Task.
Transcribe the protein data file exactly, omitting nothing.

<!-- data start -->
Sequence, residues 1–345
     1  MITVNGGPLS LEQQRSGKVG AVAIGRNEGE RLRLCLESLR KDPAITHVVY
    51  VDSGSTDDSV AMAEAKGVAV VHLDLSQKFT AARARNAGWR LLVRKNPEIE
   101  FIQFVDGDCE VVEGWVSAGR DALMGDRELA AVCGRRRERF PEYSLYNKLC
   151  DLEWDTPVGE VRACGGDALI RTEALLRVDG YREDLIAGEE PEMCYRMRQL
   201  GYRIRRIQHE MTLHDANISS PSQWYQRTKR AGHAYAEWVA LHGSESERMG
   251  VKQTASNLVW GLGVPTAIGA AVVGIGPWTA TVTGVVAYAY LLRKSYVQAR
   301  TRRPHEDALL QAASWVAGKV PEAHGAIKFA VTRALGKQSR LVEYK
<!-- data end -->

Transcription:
Sequence, residues 1–345
     1  MITVNGGPLS LEQQRSGKVG AVAIGRNEGE RLRLCLESLR KDPAITHVVY
    51  VDSGSTDDSV AMAEAKGVAV VHLDLSQKFT AARARNAGWR LLVRKNPEIE
   101  FIQFVDGDCE VVEGWVSAGR DALMGDRELA AVCGRRRERF PEYSLYNKLC
   151  DLEWDTPVGE VRACGGDALI RTEALLRVDG YREDLIAGEE PEMCYRMRQL
   201  GYRIRRIQHE MTLHDANISS PSQWYQRTKR AGHAYAEWVA LHGSESERMG
   251  VKQTASNLVW GLGVPTAIGA AVVGIGPWTA TVTGVVAYAY LLRKSYVQAR
   301  TRRPHEDALL QAASWVAGKV PEAHGAIKFA VTRALGKQSR LVEYK